Photography by Kyle Carpenter / Recipe Development by Amanda Stabile / Food Styling by Aaron Conrad / Styling by Maggie Hill

Parisian-style macarons, made available to the public through skilled bakers and chefs, remained popular in their original form until 1862, when Louis-Ernest Ladurée opened a boulangerie in Madeleine, a Parisian neighborhood for artisans. Tragically, a fire destroyed the original location, forcing Ladurée to reopen a new location as a pâtisserie. La Maison Ladurée went through more changes over the course of a century as it became a famed café and pâtisserie whose ownership stayed in the family. It’s here that the recipe for macarons became the colorful versions we know today. In 1930, a second cousin to Ladurée, Parisian pastry chef Pierre Desfontaines, made the bold choice to take two macarons and fill them, creating a sandwich. Another Parisian pastry chef, Claude Gerbet, also claimed to have created the delicious macaron, though most historians give credit to Desfontaines. From there, the sky was the limit as far as macaron shell flavors and fillings.

The historical tug of war between France and Italy continues even when it comes to how to make macarons. The methods are nearly identical; the difference is how one chooses to make the meringue. There is no right or wrong as to which method is better; it is only the preference of the baker. The French method involves first whisking the egg whites until they’ve built volume and then granulated sugar is gradually whisked in until stiff peaks form. After that, almond flour and confectioners’ sugar are folded in.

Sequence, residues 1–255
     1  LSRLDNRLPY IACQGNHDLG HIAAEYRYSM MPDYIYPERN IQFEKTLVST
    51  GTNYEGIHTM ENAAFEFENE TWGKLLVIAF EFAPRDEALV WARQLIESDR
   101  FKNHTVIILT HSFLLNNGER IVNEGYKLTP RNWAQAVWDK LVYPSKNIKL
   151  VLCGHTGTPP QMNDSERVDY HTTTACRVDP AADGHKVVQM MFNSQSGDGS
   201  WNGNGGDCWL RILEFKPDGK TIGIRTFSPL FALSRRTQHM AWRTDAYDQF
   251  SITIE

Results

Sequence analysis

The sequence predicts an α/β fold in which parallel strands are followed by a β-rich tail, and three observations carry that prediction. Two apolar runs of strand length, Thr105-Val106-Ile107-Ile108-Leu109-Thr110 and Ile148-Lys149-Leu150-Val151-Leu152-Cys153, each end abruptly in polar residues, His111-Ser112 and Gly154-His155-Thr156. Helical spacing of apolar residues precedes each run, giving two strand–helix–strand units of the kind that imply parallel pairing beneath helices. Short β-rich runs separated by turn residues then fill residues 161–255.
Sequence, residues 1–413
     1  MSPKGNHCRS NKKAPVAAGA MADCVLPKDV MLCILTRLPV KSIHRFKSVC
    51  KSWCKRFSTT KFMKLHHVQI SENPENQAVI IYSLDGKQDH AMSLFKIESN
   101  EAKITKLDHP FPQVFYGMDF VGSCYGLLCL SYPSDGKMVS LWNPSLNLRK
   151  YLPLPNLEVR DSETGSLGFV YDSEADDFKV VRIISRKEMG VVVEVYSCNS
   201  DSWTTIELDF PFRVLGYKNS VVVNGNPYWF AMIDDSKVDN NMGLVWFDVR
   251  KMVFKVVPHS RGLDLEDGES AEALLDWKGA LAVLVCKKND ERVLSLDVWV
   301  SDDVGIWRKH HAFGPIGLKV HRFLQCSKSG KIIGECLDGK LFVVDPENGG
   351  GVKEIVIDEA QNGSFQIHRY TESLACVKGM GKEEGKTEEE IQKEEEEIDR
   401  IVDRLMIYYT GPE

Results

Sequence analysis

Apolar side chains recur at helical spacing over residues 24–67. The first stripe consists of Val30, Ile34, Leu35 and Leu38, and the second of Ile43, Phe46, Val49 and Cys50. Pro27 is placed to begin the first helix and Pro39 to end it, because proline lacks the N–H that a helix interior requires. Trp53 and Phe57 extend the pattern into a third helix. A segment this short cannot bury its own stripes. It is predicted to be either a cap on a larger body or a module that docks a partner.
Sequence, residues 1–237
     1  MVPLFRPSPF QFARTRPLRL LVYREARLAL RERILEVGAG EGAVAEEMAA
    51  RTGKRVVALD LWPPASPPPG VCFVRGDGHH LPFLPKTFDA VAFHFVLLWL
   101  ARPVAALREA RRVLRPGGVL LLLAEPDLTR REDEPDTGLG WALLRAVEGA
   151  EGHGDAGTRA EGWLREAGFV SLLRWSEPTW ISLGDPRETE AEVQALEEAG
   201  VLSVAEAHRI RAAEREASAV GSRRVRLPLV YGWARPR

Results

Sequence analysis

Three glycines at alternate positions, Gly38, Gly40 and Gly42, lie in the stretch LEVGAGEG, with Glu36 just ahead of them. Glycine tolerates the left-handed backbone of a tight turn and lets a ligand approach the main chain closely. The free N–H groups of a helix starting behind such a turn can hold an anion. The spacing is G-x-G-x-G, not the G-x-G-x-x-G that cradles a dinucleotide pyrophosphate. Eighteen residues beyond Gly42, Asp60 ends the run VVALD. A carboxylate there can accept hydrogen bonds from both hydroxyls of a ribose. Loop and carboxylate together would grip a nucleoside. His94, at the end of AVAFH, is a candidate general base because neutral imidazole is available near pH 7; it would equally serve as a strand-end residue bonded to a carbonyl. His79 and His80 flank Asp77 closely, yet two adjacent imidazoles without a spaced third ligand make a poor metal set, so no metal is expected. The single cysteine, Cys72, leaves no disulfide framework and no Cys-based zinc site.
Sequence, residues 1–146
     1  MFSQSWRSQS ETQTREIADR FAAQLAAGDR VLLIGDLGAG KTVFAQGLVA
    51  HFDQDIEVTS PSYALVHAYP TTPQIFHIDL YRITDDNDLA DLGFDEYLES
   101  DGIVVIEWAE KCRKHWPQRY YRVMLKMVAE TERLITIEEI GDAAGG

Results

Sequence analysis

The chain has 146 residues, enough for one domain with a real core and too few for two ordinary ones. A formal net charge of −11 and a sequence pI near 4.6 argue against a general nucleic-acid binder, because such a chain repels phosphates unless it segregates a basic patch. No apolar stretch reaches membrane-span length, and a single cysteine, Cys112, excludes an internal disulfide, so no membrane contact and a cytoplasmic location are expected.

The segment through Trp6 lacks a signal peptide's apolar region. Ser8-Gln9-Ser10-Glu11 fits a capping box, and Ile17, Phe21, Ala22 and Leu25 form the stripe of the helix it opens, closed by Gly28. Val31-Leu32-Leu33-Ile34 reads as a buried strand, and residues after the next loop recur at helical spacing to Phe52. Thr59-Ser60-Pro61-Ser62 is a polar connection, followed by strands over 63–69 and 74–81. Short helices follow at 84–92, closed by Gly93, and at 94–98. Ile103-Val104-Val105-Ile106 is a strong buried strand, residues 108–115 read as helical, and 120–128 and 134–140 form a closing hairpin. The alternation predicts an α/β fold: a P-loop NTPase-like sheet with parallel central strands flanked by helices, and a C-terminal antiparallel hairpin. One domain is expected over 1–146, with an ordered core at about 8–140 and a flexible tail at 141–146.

Photography by Kyle Carpenter / Recipe Development by Amanda Stabile / Food Styling by Aaron Conrad / Styling by Maggie Hill

For the Italian method, first, almond flour, egg whites, and confectioners’ sugar are combined to make a paste. Then a hot sugar syrup is whipped into egg whites, and the almond flour paste is combined with the whipped egg white mixture. The Italian method is typically sturdier, which is why we have used it to create our Chocolate Hazelnut Macarons. Creating assorted flavors of macarons is not difficult as long as the ingredient you use as a flavoring is the same texture and consistency as the other ingredients in the recipe that you are adding the flavoring to (for example, cocoa powder added to almond flour or almond extract added to egg whites); this helps prevent lumps from forming in the macaron shell.

In addition to their long history, the beauty of these little delights is the versatility in flavor combinations from shell to filling.

Ready to make these macarons? Get the recipe here. 

The post Origin of a Classic: Macarons first appeared on Bake from Scratch.